There are, of course, two things that people claim that they don’t want to see being made: law and sausage. One contains a lot of grease , pork and leftover trimmings and the other is delicious sausage.
That being said, no one ever claimed that events planning shouldn’t be open to public consumption, so I thought that it might be fun to talk about Toronto Beer Week, how it’s coming together and why you (yes you, gentle consumer/bored guy looking for something to do) should be excited.
A lot of North American cities have been having beer weeks recently, and it makes a huge amount of sense that this should be the case since the advent of the organic and locavore movements. Beer is, after all, an agrarian product and it makes sense to celebrate the best of what’s local. Seattle had one. San Diego had one. Philadelphia had one as well, and while I know just enough about the beer scene in Pennsylvania to appreciate how good an idea that is, I still have a mental picture of the cast of It’s Always Sunny flipping cups and getting involved in a cheesesteak eating contest.
Now, I can hear the cogs turning in your head. I understand that you’re thinking to yourself, “But Jordan, isn’t this just another in an increasingly desperate series of bids by Toronto to be taken seriously as a world class city? Isn’t this the same kind of thing that leads us to send Mel Lastman to try and bid for the Summer Olympics? Remember that time we built the CN Tower and that escalator to nowhere? Where did that get us? It still takes me an hour and a half to get to the airport and my feet hurt and it’s too hot out and I’m surrounded by Canada geese.” I hear your concerns, polite but almost cripplingly neurotic citizen, and feel like I should point out a couple of things that will serve to put your mind at ease.
First of all, I’ve talked to a number of people on the organizational committee for Toronto Beer Week and I can tell you flat out that I have never heard anyone utter the phrase “World Class City” even in jest. Toronto Beer Week seems to be content to focus on the realities of what is actually possible given the beer culture in the city, and that approach has served them well. They’ve managed to get over 45 venues and 15 breweries involved during the inaugural edition of Beer Week through hard work and planning. The events list continues to grow and there’s a lot of focus on making sure that everyone who attends an event has the best time possible. The watchword is accessibility and hopefully bringing attention to products that are available locally will produce converts to small, independent brewers located around the Greater Toronto Area. That’s basically the only goal: getting you to drink a nice pint of locally brewed beer.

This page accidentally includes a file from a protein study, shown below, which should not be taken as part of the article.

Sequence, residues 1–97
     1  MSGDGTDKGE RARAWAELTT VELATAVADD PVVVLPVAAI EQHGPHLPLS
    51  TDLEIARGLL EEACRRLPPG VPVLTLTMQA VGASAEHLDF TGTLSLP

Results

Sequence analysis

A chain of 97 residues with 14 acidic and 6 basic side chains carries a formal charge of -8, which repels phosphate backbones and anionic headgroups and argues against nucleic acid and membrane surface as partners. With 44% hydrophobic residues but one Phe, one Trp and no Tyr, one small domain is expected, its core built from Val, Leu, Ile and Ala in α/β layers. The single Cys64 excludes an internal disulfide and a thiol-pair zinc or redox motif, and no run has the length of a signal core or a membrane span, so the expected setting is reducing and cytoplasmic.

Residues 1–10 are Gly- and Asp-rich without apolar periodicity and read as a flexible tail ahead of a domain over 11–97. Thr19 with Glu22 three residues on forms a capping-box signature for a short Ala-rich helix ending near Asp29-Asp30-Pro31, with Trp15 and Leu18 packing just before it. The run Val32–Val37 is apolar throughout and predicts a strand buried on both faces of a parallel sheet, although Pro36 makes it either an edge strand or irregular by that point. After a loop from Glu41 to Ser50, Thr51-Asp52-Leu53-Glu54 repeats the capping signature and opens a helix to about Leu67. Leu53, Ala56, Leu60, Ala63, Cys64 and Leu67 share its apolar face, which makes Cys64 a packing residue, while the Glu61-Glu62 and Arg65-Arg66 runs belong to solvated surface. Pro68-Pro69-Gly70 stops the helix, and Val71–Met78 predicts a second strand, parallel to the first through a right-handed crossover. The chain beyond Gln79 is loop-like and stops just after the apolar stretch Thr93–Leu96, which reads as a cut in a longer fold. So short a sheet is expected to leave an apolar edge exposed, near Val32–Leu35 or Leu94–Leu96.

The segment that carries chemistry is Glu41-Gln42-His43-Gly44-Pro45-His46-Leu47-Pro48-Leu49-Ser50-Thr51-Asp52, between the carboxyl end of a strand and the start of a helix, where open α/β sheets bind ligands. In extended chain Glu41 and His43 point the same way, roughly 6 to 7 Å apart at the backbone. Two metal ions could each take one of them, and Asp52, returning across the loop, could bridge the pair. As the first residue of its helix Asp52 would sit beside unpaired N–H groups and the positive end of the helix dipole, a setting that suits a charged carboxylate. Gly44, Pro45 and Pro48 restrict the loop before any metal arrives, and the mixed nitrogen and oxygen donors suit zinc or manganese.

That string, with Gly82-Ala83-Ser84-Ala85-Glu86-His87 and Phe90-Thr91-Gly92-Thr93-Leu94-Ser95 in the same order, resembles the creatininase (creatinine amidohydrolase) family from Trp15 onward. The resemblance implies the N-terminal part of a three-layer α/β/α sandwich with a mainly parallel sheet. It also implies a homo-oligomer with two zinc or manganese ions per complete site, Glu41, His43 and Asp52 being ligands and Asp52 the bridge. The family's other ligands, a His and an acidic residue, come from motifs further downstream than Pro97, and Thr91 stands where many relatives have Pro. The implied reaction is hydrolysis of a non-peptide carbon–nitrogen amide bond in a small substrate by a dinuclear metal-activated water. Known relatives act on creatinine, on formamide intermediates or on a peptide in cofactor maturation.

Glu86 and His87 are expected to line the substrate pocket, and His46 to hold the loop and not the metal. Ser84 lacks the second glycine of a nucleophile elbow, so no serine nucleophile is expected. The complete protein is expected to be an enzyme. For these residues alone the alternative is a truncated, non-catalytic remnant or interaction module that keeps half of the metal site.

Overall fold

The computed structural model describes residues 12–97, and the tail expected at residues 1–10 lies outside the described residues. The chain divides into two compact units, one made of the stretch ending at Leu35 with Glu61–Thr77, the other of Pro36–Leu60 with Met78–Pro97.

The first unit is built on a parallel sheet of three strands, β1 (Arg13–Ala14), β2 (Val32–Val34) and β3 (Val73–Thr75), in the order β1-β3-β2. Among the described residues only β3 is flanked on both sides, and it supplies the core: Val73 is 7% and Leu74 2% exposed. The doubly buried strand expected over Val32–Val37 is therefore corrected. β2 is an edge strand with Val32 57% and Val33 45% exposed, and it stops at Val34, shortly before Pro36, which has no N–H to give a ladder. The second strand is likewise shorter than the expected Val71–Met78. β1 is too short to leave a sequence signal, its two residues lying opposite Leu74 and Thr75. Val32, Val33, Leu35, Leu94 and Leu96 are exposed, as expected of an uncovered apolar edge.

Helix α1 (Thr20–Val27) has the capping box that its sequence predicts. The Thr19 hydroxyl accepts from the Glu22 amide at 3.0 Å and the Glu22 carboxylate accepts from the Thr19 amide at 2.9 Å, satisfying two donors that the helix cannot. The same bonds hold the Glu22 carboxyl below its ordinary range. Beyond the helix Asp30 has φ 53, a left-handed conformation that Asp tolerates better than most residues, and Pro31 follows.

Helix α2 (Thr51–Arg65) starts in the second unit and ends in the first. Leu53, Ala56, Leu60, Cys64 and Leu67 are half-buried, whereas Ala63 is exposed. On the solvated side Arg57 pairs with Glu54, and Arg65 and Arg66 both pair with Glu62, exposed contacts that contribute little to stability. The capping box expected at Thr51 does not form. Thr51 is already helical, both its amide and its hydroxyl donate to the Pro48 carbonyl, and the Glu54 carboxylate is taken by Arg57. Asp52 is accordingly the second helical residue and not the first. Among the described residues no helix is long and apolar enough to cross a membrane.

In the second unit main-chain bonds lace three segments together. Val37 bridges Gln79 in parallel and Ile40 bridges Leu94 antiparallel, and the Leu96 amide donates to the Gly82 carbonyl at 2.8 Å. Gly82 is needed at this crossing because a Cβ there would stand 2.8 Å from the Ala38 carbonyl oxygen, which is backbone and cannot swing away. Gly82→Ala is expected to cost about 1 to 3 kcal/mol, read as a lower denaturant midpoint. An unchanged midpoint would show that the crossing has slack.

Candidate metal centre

It’s a grass roots movement, and the Toronto Beer Week team is comprised of local brewers, pub owners and enthusiasts who are there because they want to be there. This is not some cynical cash grab perpetrated by international macrobreweries. Toronto Beer Week started as the product of nine people with a good understanding of the beer scene in Toronto. That’s not how it’s going to end up though: The fact of the matter is that I see a lot of industry professionals rallying to the cause.
I was at a media dinner for the event at The Monk’s Table the other day and while I was sitting there making copious notes I realized something interesting. They’ve somehow managed to get everyone on board. Bill White was there to guide us through the dinner, which he managed in a thoroughly entertaining and engaging manner. Stephen Beaumont was there, lending both his credibility and wealth of knowledge to the proceedings. Mirella Amato from Beerology, who is hosting the TORONTO BEER QUEST during Beer Week was there. They had a number of legitimate journalists and some completely illegitimate bloggers like myself.
The best part is that everyone was excited about the direction that Toronto Beer Week was going in.
Now, maybe I’m just the new guy on the scene, brimming with the kind of wide eyed optimism and naivete that can only be instilled by gift bags and a developing sense of belonging, but it occurs to me that none of this has to happen: The reason that Toronto Beer Week exists is because a lot of talented people who are extraordinarily passionate about beer have banded together to share their interest and expertise. The best part is that this is not some ragtag bunch of misfits trying amateurishly to pull off a coup: These are professionals who are essentially volunteering their time to ensure that people who go out to an event are going to have a good time. There’s very little in the way of self aggrandizement. Everyone is on message and in the coming weeks you’re going to see a lot of promotion and enthusiasm and a lot of people are going to work very long hours to get the word out. Never in Toronto have so few done so much to convince so many to drink a nice pint of beer.
Starting this week, you’re going to be able to pick up the Toronto Beer Week passport at participating locations and you’d do well to check the events calendar periodically to see what those locations are going to be able to come up with. There are already some absolute corkers lined up through Bar Volo, beerbistro, C’est What and The Monk’s Table. I get the feeling that the tickets for the BrewDog dinner are going to go very quickly indeed, what with the recent press that they’ve been given.
To my mind the question is no longer “Is this going to be any good?” Currently the question is “Which events should I hit first?”
It’ll give me something to think about as I trudge humourlessly along delivering passports and coasters.